Sidders described a few recent trends. “Rosé is growing leaps and bounds in the U.S. Ten years ago, people thought it was for little old ladies. Now, more people are willing to drink rosé. As a result, producers are making real wine, it just happens to come out pink.”
He shared two of his favorite rosés. One is Domaine de la Mordorée Tavel Rosé Cuvee de la Reine des Bois 2013, Southern France ($35). “Made primarily from Grenache, this is Mordorée’s flagship rosé and is every bit as sublime as Tempier Bandol, the most famous high-end Rhône Valley rosé.” The other is Chateau Musar Rosé 2012, Bekaa Valley, Lebanon ($48). “From one of the world’s most esteemed estates comes a compelling, rich, nuanced rose made principally from Obaideh and Merwah, varieties indigenous to this region.”
“VinConnect works directly with the wineries to facilitate any purchases the buyers wish to make and arranges to have the wines delivered right to their door.”
He also discussed the emergence of Barolo in Italy’s Piedmont region where Nebbiolo grapes are grown. “Amid the voracious demand for Bordeaux in China and the always-limited supplied of top Burgundy, savvy consumers seeking world-class red wines capable of aging 40+ years are increasingly looking to Barolo. The best Barolo wines are $100-150 a bottle as opposed to $500 a bottle for the best from Burgundy. They’ve had a string of fantastic vintages — 04, 05, 06, 07, 08 and 09 were all various shades of really good, 6.5 to 8.5 on a scale of one to ten, and 2010 is a 9 or a 9.5.”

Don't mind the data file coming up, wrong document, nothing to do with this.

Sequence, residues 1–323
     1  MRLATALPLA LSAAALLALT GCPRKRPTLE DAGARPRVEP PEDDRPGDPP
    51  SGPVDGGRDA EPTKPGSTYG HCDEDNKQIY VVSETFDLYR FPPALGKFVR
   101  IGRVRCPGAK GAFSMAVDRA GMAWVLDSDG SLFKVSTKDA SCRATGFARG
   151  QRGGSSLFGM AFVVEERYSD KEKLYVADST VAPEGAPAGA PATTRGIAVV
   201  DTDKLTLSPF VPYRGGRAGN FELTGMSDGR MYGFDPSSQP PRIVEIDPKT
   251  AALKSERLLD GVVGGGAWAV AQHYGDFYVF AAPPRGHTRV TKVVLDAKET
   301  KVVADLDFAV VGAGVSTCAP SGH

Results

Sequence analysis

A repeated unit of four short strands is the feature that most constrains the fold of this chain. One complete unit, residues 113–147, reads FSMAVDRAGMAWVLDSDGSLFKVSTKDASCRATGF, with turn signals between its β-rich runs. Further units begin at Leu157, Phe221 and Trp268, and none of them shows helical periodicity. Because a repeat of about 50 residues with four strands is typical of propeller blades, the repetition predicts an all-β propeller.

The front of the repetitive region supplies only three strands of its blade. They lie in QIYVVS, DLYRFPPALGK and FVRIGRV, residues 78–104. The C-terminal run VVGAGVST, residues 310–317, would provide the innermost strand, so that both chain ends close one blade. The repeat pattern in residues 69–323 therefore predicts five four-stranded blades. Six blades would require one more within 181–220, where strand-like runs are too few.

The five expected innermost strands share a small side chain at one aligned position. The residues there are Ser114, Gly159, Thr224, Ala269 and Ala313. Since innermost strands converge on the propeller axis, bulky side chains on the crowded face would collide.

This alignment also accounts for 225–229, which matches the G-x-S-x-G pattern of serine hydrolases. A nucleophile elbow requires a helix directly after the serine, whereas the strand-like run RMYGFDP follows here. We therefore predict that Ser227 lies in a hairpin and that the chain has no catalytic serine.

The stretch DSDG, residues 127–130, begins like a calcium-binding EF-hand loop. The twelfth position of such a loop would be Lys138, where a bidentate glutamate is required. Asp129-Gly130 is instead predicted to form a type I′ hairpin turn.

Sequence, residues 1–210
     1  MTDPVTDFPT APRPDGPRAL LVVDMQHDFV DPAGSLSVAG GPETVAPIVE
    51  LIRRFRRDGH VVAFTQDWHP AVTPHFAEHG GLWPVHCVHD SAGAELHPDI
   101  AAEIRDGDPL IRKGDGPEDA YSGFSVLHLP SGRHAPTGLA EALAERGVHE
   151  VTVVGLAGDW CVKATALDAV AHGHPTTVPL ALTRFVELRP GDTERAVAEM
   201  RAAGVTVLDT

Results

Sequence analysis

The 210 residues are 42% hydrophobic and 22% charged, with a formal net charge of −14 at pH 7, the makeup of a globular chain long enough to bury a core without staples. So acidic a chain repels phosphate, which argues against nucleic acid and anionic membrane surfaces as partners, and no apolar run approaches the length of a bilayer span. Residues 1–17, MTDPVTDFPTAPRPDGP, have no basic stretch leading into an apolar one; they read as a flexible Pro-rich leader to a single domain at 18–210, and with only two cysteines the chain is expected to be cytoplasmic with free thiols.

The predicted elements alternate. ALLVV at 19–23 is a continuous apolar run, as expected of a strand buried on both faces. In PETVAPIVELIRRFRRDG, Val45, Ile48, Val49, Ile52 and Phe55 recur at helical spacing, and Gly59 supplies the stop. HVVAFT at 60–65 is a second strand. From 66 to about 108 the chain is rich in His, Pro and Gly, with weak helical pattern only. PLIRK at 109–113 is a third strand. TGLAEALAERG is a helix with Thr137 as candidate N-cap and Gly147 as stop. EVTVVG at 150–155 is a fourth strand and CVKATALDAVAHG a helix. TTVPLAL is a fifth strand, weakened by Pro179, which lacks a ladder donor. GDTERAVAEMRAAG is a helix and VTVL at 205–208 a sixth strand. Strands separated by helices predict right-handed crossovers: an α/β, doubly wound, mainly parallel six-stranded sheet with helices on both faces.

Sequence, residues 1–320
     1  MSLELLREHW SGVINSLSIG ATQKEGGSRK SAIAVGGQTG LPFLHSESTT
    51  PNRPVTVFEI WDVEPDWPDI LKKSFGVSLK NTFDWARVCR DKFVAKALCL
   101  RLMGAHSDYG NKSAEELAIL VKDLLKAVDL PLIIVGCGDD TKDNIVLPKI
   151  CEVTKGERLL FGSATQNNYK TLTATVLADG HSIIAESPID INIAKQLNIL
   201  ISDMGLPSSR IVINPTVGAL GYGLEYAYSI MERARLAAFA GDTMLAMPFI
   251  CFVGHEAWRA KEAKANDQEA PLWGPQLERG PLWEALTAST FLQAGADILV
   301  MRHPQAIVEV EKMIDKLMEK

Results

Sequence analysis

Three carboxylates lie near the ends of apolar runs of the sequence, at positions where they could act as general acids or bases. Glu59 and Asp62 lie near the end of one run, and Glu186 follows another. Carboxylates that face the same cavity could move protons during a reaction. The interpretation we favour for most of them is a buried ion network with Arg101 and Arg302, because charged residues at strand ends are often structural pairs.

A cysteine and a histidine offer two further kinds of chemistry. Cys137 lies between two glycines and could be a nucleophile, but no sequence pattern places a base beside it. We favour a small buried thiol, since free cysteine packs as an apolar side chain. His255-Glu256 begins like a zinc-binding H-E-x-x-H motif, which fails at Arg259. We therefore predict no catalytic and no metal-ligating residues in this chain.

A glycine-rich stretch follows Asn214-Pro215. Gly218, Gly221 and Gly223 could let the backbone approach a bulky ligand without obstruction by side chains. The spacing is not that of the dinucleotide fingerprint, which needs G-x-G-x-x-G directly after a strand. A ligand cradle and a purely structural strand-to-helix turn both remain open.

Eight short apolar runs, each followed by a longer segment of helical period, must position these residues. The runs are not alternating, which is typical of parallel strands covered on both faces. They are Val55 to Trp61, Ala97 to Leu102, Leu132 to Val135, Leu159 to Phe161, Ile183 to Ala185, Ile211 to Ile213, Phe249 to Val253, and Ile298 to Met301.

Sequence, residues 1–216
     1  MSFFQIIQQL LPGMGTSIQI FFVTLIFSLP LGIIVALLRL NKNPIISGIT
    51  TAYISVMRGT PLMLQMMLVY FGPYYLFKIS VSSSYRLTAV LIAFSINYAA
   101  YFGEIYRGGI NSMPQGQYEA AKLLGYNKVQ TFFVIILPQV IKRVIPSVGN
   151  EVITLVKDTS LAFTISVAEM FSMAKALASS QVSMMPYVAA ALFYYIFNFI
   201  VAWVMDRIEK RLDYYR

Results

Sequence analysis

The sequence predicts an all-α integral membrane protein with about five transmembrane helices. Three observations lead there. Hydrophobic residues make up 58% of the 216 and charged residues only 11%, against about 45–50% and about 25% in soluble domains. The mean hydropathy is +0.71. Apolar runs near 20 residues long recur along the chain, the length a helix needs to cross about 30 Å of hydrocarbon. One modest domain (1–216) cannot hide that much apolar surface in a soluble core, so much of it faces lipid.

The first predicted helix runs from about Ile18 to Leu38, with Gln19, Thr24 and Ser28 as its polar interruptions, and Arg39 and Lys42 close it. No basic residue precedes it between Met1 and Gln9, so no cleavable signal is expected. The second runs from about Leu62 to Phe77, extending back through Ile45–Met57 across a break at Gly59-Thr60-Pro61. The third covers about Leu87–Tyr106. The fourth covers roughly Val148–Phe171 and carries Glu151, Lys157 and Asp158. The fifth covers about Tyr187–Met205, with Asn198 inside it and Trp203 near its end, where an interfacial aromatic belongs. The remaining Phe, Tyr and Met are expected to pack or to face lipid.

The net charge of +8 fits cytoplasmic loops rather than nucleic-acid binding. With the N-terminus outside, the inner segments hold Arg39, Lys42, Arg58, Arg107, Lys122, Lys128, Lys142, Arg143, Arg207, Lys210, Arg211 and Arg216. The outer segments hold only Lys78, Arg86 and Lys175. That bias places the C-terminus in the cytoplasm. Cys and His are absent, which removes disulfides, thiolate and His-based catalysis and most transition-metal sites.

Sidders recommended three Barolos: The first is Giacomo Conterno Barolo Cascina Francia 2010. (97 points, $100) “This may be his best Cascina Francia ever.” The second is E. Pira – Chiara Boschis Barolo Via Nuova 2010. (96 points, $100) “Chiara Boschis is the standard-bearer for women winemakers in Barolo.” His third recommendation is Roberto Voerzio Barolo Cerequio 2010. (99 points, $320) “Voerzio yields some of the most rich, powerful, complex and distinctive Barolos produced anywhere.”
Sidders explained that in the past, the acquisition of top European wines has been a hit-or-miss process. “There are all sorts of European wineries that have really sought-after wines that are in really short supply. For example, six cases may come to the state of Virginia where I live, and maybe six bottles will come to my local wine shop if I’m lucky.” Now, buyers can sign up on VinConnect.com to be placed on the mailing list for any or all of nearly 30 of Europe’s top wineries (more are being added) so they can be notified of new releases and other developments at the winery. VinConnect then works directly with the wineries to facilitate any purchases the buyers wish to make and arranges to have the wines delivered right to their door.
He described the typical VinConnect customer. “They’re committed, passionate and knowledgeable. These are people who have a dinner party and tell their friends the story of how they discovered these wines. By staying connected to Europe’s finest estate wineries through VinConnect, they’re saying, ‘Tell me your story, sell me your wines.’”